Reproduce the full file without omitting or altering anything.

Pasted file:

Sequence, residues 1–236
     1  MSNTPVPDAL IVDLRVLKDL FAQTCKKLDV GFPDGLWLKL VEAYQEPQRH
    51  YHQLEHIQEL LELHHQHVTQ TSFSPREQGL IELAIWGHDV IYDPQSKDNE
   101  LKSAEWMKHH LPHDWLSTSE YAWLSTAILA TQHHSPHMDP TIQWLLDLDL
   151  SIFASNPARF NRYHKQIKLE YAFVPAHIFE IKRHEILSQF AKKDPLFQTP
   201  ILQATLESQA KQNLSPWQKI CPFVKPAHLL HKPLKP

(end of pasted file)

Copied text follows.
Sequence, residues 1–236
     1  MSNTPVPDAL IVDLRVLKDL FAQTCKKLDV GFPDGLWLKL VEAYQEPQRH
    51  YHQLEHIQEL LELHHQHVTQ TSFSPREQGL IELAIWGHDV IYDPQSKDNE
   101  LKSAEWMKHH LPHDWLSTSE YAWLSTAILA TQHHSPHMDP TIQWLLDLDL
   151  SIFASNPARF NRYHKQIKLE YAFVPAHIFE IKRHEILSQF AKKDPLFQTP
   201  ILQATLESQA KQNLSPWQKI CPFVKPAHLL HKPLKP